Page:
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Teens' views on teens having cosmetic surgery

Article-Teens' views on teens having cosmetic surgery

"Usually when a person talks about a teen having cosmetic surgery, then that person is referring to unneeded enhancements. These enhancements are not all that cosmetic surgery is used for, however. Sometimes a teenager has a birth defect or a genetic deformity that needs to be altered in order for them to function normally in life; I am not just talking about a crooked nose or something of the like. However, when cosmetic surgery is used on teens to only enhance an already 'normal' body, then something is wrong. Teens do not even finish growing until they are into their 20s, so how can they truly know how their bodies will look in the end? Teens should wait until they are finished growing before making enhancements, but some exceptions should be made."

— Male high school student,18,
Myrtle Creek, Ore.

"I'm all for letting people choose what they want to do with themselves, but cosmetic surgery has some serious issues. Most importantly, there is evidence that some serious health risks may be caused by cosmetic surgery.

Aside from that, there's a good chance that a teen who does have cosmetic surgery will regret whatever they had done in later life since often various cosmetic enhancements deteriorate over time or just don't look right on a person once they're older. Additionally when most adults look back on their teen years, they remember doing some really stupid things; there's no reason for this generation to be any different.

It's best if those 'stupid things' aren't permanent or at least hard and painful to reverse. With these things in mind, it's my opinion that teens should have to wait until they're 18 or get the consent of their parents before getting cosmetic surgery."

— Male high school student,18,
Eugene, Ore.

"Teens should definitely not be allowed to have cosmetic surgery unless it is to correct a medical condition or a disfigurement. For example, if a teenager is in a fire and needs cosmetic surgery, this should be allowed. However, teenagers who have cosmetic surgery to try to improve themselves when there exists no necessary reason should not be allowed to have the procedure done.

I think that even more than not allowing teenagers to have cosmetic surgery, we need to find out why a teenager would dislike their own appearance so much they feel that they need surgery to improve themselves.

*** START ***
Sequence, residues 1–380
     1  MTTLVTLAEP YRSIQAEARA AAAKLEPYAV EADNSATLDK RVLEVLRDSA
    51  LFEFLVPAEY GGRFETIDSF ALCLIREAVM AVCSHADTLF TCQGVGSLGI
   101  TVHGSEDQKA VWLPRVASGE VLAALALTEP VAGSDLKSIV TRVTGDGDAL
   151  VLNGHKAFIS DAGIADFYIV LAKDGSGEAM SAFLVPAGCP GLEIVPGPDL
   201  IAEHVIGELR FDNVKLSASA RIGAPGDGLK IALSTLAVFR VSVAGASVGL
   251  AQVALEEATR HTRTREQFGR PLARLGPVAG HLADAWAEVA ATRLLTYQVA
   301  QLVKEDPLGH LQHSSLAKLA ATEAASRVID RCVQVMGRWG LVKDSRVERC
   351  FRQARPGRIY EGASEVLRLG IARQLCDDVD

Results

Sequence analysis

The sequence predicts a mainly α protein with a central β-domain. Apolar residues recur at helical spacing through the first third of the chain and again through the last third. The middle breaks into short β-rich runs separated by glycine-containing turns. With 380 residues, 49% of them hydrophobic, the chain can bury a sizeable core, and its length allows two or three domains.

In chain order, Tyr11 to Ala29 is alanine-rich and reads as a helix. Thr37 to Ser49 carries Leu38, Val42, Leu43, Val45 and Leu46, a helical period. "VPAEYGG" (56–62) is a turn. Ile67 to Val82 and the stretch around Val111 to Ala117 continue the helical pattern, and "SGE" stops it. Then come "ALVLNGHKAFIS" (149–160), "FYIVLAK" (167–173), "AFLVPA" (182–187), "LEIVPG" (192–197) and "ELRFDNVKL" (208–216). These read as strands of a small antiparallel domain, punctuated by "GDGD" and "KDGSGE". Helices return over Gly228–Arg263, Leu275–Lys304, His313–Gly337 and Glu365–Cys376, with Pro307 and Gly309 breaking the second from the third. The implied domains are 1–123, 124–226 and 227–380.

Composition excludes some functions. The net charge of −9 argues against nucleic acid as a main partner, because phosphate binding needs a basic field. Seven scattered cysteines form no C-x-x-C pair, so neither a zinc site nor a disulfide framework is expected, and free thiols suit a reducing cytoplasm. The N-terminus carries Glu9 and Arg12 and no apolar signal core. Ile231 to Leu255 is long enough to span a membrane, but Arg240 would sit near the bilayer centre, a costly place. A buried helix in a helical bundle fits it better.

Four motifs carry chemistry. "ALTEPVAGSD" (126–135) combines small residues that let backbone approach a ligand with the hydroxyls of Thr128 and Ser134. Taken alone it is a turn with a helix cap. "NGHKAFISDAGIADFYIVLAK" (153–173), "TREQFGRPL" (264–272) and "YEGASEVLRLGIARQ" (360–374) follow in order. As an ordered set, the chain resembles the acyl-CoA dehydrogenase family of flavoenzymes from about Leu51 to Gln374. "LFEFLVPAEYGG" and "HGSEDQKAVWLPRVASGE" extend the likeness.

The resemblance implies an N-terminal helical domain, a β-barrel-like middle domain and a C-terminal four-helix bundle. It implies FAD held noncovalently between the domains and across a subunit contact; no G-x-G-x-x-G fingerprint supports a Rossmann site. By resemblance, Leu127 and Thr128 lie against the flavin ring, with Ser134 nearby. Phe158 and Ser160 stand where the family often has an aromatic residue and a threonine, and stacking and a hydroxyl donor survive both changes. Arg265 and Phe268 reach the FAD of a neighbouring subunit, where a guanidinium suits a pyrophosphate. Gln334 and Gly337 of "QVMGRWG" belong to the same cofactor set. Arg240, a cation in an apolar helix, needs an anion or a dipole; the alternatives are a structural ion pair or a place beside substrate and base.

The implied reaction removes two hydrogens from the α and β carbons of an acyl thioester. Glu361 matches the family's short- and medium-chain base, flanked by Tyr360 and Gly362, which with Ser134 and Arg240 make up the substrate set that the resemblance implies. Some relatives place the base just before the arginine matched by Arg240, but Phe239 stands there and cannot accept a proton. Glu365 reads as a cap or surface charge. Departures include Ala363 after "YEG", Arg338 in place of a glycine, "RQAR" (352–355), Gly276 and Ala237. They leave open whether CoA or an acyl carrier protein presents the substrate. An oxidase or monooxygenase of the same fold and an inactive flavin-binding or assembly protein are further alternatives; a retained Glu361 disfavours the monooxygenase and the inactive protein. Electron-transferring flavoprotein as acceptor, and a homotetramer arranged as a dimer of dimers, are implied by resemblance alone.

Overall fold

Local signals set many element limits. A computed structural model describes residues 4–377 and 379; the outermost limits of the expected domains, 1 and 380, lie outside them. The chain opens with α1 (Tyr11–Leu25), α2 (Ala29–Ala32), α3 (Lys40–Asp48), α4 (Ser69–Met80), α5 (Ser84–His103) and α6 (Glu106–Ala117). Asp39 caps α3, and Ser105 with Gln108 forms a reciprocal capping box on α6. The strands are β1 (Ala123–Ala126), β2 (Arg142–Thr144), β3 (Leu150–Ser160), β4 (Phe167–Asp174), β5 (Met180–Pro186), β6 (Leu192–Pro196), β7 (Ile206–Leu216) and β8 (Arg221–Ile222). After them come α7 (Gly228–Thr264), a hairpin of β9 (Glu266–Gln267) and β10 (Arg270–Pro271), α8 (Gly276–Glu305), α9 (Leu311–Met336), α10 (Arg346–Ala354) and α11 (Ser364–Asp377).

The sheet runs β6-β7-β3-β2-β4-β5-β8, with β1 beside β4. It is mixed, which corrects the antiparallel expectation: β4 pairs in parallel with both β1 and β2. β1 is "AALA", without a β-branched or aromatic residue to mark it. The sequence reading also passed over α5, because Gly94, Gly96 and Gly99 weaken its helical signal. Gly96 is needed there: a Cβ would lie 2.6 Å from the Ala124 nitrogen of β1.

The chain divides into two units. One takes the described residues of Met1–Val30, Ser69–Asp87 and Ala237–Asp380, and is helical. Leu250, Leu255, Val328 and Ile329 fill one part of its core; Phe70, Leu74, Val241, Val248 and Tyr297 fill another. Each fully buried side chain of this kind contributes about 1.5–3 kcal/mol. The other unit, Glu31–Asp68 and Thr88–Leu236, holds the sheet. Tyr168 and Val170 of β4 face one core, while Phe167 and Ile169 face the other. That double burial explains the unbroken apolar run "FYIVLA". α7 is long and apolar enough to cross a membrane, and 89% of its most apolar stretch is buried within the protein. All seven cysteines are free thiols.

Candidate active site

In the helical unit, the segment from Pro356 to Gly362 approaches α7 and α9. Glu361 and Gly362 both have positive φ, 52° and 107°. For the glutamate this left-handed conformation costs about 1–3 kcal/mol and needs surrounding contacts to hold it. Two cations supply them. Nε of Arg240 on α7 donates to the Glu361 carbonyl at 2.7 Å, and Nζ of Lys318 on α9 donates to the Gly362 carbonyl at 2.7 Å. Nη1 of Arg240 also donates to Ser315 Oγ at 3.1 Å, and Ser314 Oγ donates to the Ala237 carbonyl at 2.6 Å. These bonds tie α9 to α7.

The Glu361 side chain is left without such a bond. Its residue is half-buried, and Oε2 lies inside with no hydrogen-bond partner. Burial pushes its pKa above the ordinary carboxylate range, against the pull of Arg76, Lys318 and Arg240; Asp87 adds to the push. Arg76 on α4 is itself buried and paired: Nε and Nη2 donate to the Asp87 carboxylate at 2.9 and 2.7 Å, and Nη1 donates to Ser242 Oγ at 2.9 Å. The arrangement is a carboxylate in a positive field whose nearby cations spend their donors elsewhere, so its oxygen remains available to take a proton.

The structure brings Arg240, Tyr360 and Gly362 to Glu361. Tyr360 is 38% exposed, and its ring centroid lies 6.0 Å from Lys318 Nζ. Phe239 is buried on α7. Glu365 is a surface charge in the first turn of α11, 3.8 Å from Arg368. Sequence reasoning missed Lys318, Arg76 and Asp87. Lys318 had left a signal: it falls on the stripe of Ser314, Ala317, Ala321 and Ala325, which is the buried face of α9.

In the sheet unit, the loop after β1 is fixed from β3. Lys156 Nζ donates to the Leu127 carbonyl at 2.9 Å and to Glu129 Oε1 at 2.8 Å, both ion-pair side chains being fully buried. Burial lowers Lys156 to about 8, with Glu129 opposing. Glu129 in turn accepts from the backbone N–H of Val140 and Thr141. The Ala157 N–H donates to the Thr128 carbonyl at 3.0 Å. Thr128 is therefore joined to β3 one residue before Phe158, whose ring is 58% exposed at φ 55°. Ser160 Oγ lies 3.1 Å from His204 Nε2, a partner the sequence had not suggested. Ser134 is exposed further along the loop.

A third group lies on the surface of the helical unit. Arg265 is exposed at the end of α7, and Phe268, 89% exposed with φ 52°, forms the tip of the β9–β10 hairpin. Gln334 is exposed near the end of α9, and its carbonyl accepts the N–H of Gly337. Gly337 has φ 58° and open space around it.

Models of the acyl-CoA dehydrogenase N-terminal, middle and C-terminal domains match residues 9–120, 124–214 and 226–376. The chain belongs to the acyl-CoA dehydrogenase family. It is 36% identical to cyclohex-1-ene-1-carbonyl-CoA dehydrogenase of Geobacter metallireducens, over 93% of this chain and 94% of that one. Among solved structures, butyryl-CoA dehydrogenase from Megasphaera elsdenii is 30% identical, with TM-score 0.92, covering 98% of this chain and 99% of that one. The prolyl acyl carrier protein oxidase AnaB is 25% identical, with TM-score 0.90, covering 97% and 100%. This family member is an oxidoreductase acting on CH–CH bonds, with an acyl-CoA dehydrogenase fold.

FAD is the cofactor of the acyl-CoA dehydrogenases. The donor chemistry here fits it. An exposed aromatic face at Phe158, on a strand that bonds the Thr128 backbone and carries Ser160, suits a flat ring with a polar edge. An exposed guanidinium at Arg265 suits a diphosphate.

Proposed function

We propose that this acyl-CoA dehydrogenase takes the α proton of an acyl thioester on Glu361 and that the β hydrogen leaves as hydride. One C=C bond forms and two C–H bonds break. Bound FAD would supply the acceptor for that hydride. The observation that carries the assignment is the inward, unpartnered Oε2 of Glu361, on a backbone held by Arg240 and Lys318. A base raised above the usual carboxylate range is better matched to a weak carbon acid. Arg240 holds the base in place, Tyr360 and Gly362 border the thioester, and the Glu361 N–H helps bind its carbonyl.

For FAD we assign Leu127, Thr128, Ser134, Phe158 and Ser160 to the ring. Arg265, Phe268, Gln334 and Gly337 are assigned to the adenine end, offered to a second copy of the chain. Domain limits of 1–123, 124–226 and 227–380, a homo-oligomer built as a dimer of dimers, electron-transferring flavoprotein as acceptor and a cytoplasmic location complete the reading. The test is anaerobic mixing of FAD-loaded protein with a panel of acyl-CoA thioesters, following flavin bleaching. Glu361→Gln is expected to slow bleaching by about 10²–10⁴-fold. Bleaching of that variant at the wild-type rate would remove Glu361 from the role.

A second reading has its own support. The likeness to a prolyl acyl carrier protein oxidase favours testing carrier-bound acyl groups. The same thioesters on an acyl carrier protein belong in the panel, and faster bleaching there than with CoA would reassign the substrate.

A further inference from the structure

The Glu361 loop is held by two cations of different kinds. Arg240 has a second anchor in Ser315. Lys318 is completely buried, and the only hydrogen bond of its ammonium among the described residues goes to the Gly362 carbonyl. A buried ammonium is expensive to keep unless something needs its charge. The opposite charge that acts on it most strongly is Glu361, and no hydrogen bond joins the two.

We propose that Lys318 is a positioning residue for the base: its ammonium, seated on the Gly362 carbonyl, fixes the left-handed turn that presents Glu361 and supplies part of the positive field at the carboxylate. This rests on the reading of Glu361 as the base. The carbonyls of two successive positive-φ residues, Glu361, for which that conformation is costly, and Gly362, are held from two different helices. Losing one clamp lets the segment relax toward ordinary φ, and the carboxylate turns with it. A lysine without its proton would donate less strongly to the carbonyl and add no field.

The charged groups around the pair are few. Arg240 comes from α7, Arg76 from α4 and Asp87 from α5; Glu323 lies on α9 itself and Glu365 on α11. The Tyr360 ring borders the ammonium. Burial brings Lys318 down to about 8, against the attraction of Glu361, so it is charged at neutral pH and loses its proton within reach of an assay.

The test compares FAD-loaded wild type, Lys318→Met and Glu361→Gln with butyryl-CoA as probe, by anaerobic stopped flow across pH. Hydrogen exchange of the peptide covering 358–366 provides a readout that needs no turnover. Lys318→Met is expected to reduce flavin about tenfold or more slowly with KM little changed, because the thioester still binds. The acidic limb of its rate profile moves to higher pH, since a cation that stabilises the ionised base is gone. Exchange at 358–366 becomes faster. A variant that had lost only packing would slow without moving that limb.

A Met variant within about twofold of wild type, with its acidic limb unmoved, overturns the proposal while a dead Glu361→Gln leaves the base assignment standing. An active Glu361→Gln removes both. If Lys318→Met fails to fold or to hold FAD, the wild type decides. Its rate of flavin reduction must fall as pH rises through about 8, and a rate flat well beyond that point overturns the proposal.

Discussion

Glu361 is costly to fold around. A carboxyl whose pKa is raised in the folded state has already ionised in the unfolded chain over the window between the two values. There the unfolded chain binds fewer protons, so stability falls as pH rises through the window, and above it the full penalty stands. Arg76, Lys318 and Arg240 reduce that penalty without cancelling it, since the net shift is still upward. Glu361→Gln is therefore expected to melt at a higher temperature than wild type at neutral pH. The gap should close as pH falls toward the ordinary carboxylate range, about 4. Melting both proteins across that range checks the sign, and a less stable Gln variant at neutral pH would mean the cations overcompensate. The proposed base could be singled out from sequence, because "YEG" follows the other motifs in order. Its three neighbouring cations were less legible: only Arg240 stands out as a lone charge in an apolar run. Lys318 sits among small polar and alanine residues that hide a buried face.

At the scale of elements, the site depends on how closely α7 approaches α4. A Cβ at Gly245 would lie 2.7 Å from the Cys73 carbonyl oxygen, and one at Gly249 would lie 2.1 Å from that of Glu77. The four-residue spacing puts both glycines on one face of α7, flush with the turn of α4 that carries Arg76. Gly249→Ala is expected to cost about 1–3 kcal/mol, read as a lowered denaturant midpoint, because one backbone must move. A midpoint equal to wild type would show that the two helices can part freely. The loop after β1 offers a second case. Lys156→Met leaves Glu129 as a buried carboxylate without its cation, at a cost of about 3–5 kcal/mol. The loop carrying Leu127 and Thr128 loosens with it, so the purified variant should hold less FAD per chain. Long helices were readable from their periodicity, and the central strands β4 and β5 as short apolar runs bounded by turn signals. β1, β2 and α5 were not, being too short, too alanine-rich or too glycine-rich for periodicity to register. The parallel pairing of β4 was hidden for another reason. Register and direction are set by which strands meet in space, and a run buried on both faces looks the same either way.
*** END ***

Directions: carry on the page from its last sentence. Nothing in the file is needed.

In the teenage years the body is still growing and changing. Why would anyone allow a teenager to have cosmetic surgery to change how they look when their looks will probably change on their own (with) time and maturing?"

— Female high school student, 17,
Sutherlin, Ore.

"Plastic surgery, ever since the founding of the American Board of Plastic Surgery in 1938, has evolved from being a necessary practice in extreme medical situations, to a common beauty practice which began to take place in the early 1950s.

Excluding cases for life-threatening situations, plastic surgery has grown rapidly among today's youth, just for pure minor cosmetic reasons. A false longing of acceptance among kids today has been the sad result of this recent phenomenon.

Many teens (or their parents) are willing to spend thousands of dollars on one surgery to try and fix the slightest wrinkle, or 'imperfection' in their face. Today's media and the entertainment industry (Michael Jackson) is the leading cause of this problem.

The sad thing is, we allow other people to set the standard of how we live, and this may result in us spending our last dollar in trying to change the way we look, to try and meet a false plateau set by someone else. The answer to one question still rings true today, money (plastic surgery) can by no means buy happiness."

— Male high school student, 17
Winstone, Ore.

"Truth of Youth," The News Review published December 5, 2005. Reprinted with permission.

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